“Haunted House of the Rising Sun” by Kathleen Martin, licensed under a Attribution-Noncommercial-Share Alike 3.0 United States License.

Tori Telfer
Episode 14: Jim Jones’ Right-Hand Woman: Carolyn Layton (feat. Laura Elizabeth Woollett)

While many remember the 1978 Jonestown massacre as a dark monument to the power of a single man’s paranoia and fanaticism, the tale of Jim Jones’ lover, Carolyn Layton, reveals a more complicated narrative—and a more frightening truth. Carolyn was a bubbly young woman who believed in pacifism and political engagement, but when she met Jim Jones, she became an unsmiling woman would do anything for Jones’ cause—including death. Was this a personality change, or had Carolyn been a secret fanatic all along? Author Laura Elizabeth Woollett comes on the podcast to tell us Carolyn’s long-forgotten story, which she covers in her latest novel, Beautiful Revolutionary.


Interview with Laura Elizabeth Woollett, author of Beautiful Revolutionary (Scribe Publications, 2018)

“The Jonestown Massacre,” from the Association for Diplomatic Studies and Training

“Drinking the Kool-Aid: A Survivor Remembers Jim Jones,” The Atlantic, 18 Nov 2011

“Alternative Considerations of Jonestown and Peoples Temple,” sponsored by the Special Collections of Library and Information Access at San Diego State University 


“Guilty,” by Ruth Etting, via archive.org

“Gnossiennes no. 1” by Erik Satie, via musopen.org

“Reverend (Jim Jones)” by Church of Misery, used with permission

Final clip of Carolyn Layton talking was released by the FBI via the Freedom of Information Act. You can hear the full audio here.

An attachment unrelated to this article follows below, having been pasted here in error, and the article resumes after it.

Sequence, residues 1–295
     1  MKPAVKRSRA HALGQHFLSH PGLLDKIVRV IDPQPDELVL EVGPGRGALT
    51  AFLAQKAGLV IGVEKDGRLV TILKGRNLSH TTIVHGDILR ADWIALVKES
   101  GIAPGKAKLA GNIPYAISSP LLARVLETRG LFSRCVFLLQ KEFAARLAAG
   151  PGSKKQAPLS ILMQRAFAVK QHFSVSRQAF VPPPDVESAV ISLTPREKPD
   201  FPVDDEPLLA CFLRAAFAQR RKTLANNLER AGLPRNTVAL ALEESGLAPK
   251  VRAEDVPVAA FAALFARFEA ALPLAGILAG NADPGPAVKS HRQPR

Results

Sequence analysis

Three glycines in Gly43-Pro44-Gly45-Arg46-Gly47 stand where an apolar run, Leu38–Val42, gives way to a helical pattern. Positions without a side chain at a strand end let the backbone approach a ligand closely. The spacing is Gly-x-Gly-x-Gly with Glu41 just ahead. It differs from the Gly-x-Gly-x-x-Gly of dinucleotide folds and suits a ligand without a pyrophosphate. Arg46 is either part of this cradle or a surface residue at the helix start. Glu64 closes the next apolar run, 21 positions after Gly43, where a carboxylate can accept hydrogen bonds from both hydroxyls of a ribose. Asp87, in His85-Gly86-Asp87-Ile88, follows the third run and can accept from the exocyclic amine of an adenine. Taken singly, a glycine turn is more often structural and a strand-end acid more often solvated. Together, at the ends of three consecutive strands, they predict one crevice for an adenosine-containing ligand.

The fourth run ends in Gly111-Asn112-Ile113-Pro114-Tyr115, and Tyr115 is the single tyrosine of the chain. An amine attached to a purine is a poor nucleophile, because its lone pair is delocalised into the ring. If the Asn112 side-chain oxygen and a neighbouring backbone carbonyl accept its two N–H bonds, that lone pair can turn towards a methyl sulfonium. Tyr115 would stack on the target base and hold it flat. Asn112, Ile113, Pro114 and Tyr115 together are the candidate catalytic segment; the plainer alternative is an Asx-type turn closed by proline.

Tori Telfer
Episode 13: Bloodsucking Broads! A Very Gory Halloween Special, Feat. Elizabeth Bathory, Mercy Brown, and Female Vampires Galore!
Christine Domaniecki (1).jpg

Do female vampires exist? Are they bloodier than their male counterparts? And if the answer to those first two questions is yes: should we race to the grocery store RIGHT NOW to stock up on garlic?! Join me as we travel through the long, dark, decomposition-ridden history of female vampires, from ancient Assyrian myths to New England vampire panics to Hungarian countesses with bad reputations. We’ll talk about lady vamps in legend, in pop culture, and—eek!—in real life. Happy Halloween!


“The Blood Countess: Erzsébet Báthory,” from Lady Killers by Tori Telfer
Dracula Was a Woman: In Search of the Blood Countess of Transylvania, by Raymond T. McNally
Food for the Dead: On the Trail of New England’s Vampires by Michael Bell
“The Great New England Vampire Panic,” Smithsonian, October 2012
“Grave of Mercy Brown,” Atlas Obscura
“Not All Fangs Are Phallic: Female Film Vampires,” by James Craig Holte, Journal of the Fantastic in the Arts, Vol. 10, No. 2
Vampire ASMR Roleplay: Meeting the Countess” by Stephanie Swan Quills
“2 Guilty in ‘Lesbian Vampire Trial,’” The Ottowa Citizen, 16 Feb 1991
“Woman wondered if lover was a vampire, court told,” The Age, 7 Feb 1991
“Blood-drinking devil worshipers face life for ritual Satanic killing,” The Guardian, 1 Feb 2002